Here's a brief overview of the structures of the foot and how they work together, plus a look at some common podiatric problems that sometimes result from normal wear and tear, overuse, or injury to the foot.
A diabetic ulcer is an open sore in which partial or full thickness of the skin is lost in a person who has diabetes. These often occur on the feet in people with diabetes mellitus. They usually are painless because the person has decreased sensation in the feet.1
Diabetic peripheral neuropathy is nerve damage caused by diabetes that occurs in the extremities—the feet, legs, hands, and arms. This is the most common type of neuropathy in people with diabetes and affects about one-third to one-half of people with diabetes
Psoriatic arthritis is an inflammatory disease that causes pain and swelling in the joints. Most people with the disease also have psoriasis, a skin condition that causes red, scaly, inflamed rashes. People dealing with psoriatic arthritis may experience lots of problems below the ankles — including foot pain, heel pain, swelling and toenail changes.
Your feet are vital shock absorbers. The bottom of your foot strikes the ground with every step. When it hurts, the pain can really disrupt your life.
Ankle sprains are one of the most common injuries in children. This isn’t a surprise when you consider all the running, jumping, and playing they do—whether it’s on a soccer field or at home in their back yard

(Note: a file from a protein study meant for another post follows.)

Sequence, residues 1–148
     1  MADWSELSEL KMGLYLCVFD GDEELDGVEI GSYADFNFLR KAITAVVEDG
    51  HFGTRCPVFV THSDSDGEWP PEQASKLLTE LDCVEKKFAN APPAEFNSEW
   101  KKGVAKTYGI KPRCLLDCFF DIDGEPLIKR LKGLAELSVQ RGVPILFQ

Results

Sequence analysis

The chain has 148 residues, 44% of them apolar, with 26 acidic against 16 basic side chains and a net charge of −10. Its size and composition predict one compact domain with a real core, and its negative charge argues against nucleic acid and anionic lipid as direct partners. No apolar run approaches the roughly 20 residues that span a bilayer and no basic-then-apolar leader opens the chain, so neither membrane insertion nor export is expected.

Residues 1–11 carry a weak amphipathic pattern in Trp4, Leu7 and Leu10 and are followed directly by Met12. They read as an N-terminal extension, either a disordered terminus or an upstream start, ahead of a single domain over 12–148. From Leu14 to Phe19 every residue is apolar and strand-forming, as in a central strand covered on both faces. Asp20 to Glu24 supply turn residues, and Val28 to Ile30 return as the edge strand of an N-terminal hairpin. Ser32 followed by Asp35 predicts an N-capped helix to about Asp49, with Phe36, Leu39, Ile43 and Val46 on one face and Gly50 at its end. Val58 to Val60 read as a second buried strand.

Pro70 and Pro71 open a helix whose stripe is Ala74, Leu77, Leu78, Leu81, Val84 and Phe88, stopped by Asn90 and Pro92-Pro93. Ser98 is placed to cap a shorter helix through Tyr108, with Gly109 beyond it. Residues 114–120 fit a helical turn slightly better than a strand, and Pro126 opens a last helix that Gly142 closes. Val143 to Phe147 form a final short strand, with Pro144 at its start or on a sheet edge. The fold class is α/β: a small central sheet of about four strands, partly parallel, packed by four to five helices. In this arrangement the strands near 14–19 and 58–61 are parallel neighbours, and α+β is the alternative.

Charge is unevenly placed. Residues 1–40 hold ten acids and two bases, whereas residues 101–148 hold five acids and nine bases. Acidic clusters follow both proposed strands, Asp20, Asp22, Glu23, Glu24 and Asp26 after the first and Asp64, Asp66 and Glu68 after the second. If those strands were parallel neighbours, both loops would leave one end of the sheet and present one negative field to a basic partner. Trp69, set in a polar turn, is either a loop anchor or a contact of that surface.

The ankle joint is affected by arthritis much less often than other joints. When patients have ankle arthritis, they have worn out the tibiotalar joint, which is the joint between the shin bone (tibia) and ankle bone (talus).
Foot pain is a very common problem. However, the challenge with foot pain is that there are many different potential causes, making it difficult at times for even health care professionals to get to the root of your discomfort. Where the pain is and how it feels—throbbing, aching, stabbing, tender, and so on—can offer clues, but given all the possible causes, symptoms may not be enough to settle on a diagnosis.
What is, actually, clinically relevant improvement for patients who’ve been treated with either exercise, injections or both for achilles tendinopathy? And for what time frame—6 weeks, 12 weeks?
You can’t walk, move, or stand comfortably, daily tasks become difficult, and your life gradually slips out of your hands. If you have unexplained foot pain, here are some common causes of foot pain